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Free bass question

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Jul 20, 2014
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I just pulled from my basement a Titano Palmer grand free bass accordion. I have never played free bass and want to learn.as it seems like it will be much more useful than the stradella system. Can anyone tell me if this brand is any good and if you know of any introductory methods. The accordion is much heavier to lift than my usual stradella.
What type of Freebass is the first thing to find out .
If it's a convertor, there's a good chance your Titano could be a 'Quint.'
If so, the layout is as for Stradella but in Freebass mode notes replace chords - the scale pattern is the same as Stradella.
And if you're used to Stradella bass you have a head start.
It's probably worth checking this before going any further.
( Richard Gallieno plays a Victoria Quint Freebass to great effect)
I believe it is a convertor but I’m not sure. How can one tell?

thank-you for your information.
I'm sure there's lots of info on your side of the 'Pond' -have you tried Youtube?
A convertor has a switch on the LH which when selected changes the chords to single notes.
Whatever the detail you certainly have an excellent instrument.
(non-convertor free bass has a separate set of buttons from the Stradella set - don't think it'll be one of those.)
I know there are different TItano models, but don't know if there is a standard design for the Converter bass switch. I've recently looked over a Titano at the Accordion Gallery, and the specs provide a lot of info. Emperor Converter These might have some answers for you. The location of the switch is provided. I thought it was a good write up. ~Bob
The so called Quint Converter was first introduced and patented by "Titano" The late Emil Baldoni was working for the Ernest Deffner firm (Titano) and had a design for a lightweight converter system that could be used with a standard Stradella bass. The late Palmer & Hughes
were very interested in the design and the 3 of them traveled to Italy to perfect the system. This design was originally called the
Palmer & Hughes Convertor. When the patent's ran out other accordion makers offered it and It's now the most popular converter bass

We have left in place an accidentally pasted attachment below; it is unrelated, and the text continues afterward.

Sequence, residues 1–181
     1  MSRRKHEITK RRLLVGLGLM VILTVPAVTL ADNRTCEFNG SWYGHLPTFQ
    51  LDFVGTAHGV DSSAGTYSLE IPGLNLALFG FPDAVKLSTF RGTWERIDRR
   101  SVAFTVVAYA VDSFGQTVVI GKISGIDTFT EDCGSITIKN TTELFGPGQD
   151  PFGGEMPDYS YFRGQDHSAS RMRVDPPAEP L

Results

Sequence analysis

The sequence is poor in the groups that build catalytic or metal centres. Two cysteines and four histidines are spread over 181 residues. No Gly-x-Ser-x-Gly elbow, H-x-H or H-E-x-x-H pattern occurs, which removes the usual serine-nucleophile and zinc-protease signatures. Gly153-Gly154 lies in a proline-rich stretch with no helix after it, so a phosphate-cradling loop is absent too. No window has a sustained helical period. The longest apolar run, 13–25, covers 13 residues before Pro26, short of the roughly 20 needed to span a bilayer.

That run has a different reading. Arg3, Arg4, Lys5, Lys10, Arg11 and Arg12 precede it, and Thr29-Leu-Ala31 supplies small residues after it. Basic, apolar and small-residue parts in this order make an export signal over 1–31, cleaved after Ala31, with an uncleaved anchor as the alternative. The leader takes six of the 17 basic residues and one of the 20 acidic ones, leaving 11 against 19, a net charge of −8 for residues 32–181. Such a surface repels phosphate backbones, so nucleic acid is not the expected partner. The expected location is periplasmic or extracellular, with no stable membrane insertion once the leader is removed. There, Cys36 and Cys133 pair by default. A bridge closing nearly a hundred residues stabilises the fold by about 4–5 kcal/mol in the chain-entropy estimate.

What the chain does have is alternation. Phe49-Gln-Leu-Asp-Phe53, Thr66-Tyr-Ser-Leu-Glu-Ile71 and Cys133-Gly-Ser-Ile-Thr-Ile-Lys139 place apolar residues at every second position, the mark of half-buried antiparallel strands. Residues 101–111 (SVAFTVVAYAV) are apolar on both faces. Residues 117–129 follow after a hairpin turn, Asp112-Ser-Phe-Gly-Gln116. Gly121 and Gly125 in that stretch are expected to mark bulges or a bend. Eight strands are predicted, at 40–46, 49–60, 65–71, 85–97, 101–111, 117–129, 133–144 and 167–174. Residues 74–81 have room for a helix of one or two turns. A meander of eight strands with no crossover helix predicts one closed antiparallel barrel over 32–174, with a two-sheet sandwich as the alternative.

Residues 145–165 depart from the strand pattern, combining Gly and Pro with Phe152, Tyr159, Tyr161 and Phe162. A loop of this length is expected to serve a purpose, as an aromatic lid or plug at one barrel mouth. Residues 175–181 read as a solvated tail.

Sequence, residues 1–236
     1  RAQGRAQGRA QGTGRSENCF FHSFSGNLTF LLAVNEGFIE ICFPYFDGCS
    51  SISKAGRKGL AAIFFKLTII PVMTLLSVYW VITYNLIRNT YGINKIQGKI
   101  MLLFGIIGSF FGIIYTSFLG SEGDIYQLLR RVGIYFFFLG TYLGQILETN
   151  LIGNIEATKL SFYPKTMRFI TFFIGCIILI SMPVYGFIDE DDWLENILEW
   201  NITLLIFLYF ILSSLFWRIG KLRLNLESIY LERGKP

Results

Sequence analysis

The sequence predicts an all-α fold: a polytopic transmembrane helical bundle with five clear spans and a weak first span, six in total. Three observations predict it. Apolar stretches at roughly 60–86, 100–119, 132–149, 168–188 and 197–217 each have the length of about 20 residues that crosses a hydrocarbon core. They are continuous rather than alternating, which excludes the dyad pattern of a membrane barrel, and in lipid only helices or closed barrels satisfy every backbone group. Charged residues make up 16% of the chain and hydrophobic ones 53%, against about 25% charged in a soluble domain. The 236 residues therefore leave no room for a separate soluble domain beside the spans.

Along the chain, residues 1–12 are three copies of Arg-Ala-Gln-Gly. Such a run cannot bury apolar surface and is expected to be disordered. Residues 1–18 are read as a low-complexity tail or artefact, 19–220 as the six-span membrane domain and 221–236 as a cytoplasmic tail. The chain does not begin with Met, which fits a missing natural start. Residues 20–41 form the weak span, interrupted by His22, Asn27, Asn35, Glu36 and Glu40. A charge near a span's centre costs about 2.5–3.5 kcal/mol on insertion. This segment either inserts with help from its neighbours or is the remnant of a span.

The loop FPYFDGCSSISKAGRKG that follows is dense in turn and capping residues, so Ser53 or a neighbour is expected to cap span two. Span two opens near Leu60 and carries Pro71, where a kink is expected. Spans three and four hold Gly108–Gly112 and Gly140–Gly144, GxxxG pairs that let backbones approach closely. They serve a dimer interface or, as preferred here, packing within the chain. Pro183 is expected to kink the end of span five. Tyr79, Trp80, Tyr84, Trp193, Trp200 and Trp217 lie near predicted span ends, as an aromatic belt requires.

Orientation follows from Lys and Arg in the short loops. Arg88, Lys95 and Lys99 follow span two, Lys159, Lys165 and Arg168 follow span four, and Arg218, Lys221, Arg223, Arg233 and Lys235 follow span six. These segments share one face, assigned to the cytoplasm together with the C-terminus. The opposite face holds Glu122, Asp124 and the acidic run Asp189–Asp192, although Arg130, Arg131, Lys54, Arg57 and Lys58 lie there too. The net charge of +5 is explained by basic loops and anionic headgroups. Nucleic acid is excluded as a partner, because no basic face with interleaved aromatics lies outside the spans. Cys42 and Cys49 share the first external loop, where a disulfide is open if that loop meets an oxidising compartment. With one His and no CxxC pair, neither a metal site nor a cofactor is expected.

This book might give you a start --

This system uses a standard 120 bass stradella that with a switch converts the bass keyboard with 3 Octaves of single notes.
It mimics a C system treble keyboard when looked at in a mirror.
This convertor system has a different interior reed placement and special slides that allows the use of the standard 120 bass
to convert. The system is made of aluminum and adds little weight to the accordion. C system Button box players take to it easily as
it's their treble buttons in reverse.

That Titano Grand you have switches back and forth from standard stradella & convertor (YOU HAVE BOTH) Titano offered the
converter option on all models of student, semi-pro and pro models they made.
At the time all Titano's were made by Victoria of Italy and they also shared the patent.
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The so called Quint Converter was first introduced and patented by "Titano" ... This design was originally called the
Palmer & Hughes Convertor. When the patent's ran out other accordion makers offered it and It's now the most popular converter bass
The Quint Convertor may be the most popular converter bass system in the USA and Canada, but in the rest of the world it is quite rare. In Europe Richard Galliano is the only professional I know who uses it. In Western Europe PA players almost all play a mirrored C system convertor and CBA players used to mostly play a mirror of their treble system (C or B system) but lately B system players are moving towards the Russian (non-mirrored) B system convertor. In Eastern Europe and a lot of Asia B system is most common, with the non-mirrored B system convertor.
The main advantage of the chromatic convertor is that a 120 bass accordion can accommodate 58 notes (actually a few more but that it rare) whereas the 120 bass offers room for only 36 notes in a Quint Convertor, and a huge 160 bass instrument can give you 48 notes.

When my wife and I wanted to learn melody bass (and were playing PA at the time) we had never heard of the Quint Convertor and thus started with a mirrored C system chromatic convertor. That really helped us when we eventually moved from PA to CBA.

By design a Quint Convertor is lighter (as it works with register slides) but it is quite a bit harder to tune than a chromatic convertor. As the same reed plays through a choice two different holes (on the sound board) the tuning is slightly different when air goes through one hole versus the other one. So tuning is a compromise and a matter of priorities (is Stradella more important or melody bass?)...
So I had my first lesson on free bas with my teacher today,but as said above as she lives in Europe she plays c system. We had to fiddle with the instrument so she could figure out how it works and she’s going to have to learn it on her own.i don’t know if anyone in n"America could teach this system as freebass is so rare here.
The chromatic button accordion C-System is the most logical configuration for a fixed-reed instrument. What one learns for the right hand transfers directly as a mirror-image to the left. Bach's Maria Magdalena books are an excellent starting point for any keyboard instrument. Fingerings can be derived from learning the scales on the primary 3 rows. A good basic source for understanding keyboard patterns is Elsbeth Moser's "Das Knopfakkordeon C-Griff". It is currently available only in German, but the keyboard diagrams are invaluable and don't need translation.
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